Social Determinants of Health Are Important, but Who Is Responsible for Addressing Them?
Although the importance of addressing social determinants of health (SDOH), such as food insecurity and housing instability, has become apparent, how to properly address these social determinants, and who should do so in the clinical environment, is less clear. According to a Leavitt Partner survey
, the majority of physicians generally believe SDOH matter for their patients, but they do not believe that it is their responsibility to address them and do not feel well-positioned to do so.
The survey of 621 physicians was administered from June 2017 through July 2017. Throughout the survey, approximately 75% of physicians indicated that informing patients about the price of care and about health insurance, such as enrolling in public health insurance plans, would help them to a great or moderate extent. Additionally, 66% reported that they believe assistance in arranging transportation for healthcare would aide their patients to a great or moderate extent.
Over half (54%) also said that increasing patient income would assist their patients to a great or moderate extent, 48% indicated that help with food security would benefit their patients, and 45% reported that assistance with affordable housing would help their patients. Those who had been practicing for less than 20 years were significantly more likely to believe that increased income and assistance with arranging transportation would benefit their patients to a great or moderate extent.
Physicians with practices that had 30% or more of their patients on Medicaid were more likely to believe that increased income, affordable housing, and assistance with transportation would benefit their patients.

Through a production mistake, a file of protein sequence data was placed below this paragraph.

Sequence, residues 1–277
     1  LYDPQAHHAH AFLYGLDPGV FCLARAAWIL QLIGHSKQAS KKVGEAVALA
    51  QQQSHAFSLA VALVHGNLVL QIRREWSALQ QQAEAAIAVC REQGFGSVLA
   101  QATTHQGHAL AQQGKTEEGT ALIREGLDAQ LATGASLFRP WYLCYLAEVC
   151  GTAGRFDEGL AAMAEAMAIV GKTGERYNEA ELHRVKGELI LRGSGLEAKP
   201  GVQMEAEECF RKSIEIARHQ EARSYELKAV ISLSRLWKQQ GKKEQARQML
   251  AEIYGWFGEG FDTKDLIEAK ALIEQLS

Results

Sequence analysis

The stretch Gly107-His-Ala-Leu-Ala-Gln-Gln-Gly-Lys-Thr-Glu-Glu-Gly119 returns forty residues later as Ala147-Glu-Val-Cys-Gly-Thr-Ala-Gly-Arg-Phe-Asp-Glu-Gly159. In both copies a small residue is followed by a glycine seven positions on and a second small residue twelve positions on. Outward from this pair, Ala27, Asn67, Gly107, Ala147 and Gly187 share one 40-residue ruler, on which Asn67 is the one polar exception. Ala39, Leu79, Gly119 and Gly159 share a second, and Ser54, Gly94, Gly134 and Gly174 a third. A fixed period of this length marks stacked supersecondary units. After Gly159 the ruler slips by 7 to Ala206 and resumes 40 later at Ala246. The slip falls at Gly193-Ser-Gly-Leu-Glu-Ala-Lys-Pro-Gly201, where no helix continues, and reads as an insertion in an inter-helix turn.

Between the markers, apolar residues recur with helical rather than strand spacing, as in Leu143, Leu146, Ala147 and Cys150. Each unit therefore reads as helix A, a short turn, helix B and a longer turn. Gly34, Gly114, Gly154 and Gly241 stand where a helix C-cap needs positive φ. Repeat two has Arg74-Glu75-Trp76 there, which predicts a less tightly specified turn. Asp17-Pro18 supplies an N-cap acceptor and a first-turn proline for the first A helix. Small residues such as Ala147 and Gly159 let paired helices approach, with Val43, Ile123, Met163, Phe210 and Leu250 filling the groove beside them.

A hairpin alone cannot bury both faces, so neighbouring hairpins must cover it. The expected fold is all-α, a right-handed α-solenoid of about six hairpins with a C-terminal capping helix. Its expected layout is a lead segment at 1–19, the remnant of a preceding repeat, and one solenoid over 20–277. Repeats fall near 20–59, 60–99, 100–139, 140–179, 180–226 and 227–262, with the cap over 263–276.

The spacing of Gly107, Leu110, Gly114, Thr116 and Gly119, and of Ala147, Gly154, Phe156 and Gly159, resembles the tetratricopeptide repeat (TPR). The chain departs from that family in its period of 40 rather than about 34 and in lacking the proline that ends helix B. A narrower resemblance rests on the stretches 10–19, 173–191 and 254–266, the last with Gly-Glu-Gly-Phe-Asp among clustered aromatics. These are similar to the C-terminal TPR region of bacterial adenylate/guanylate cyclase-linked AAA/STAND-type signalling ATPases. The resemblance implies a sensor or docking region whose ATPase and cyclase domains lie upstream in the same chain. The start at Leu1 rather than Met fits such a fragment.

However, the majority indicated that they did not feel responsible for addressing these social needs. Over 90% reported that the doctor or insurer is not responsible for help with affordable housing or increased income, 84% reported that they were not responsible for assisting with food security, and 69% said they were not responsible for arranging transportation.
Physicians cited multiple reasons behind not being able to address these needs for the patients, including believing these factors are not within the capability of the physician's office, insufficient appointment duration, and lack of compensation for this type of assistance. They also reported that they believe patients have other resources for these social needs.
Among those who indicated that they believe physicians and insurers should help address patients’ social needs, the majority did not feel well positioned to do so. When asked who is best positioned to help patients, most indicated someone outside of the practice, but some believe that someone else in the office—either medical or administrative staff—is well-positioned.
Noting the prominence of physician burnout, the authors of the report argue that solutions to addressing SDOH must seek to reduce, not exacerbate, the burden on providers. They also note that these efforts must be matched by other sectors, such as employers, as addressing these needs is not solely the responsibility of those in the clinical setting.
“Although physicians can take steps within their own practices to help patients with their social needs and employers can help organize their communities, a broader societal investment in public health and social services is necessary,” they wrote. “Meaningfully addressing SDOH without adding to physician burden depends on channeling sufficient commitment and resources toward programs and policies that help physicians incorporate these social considerations in their practices.”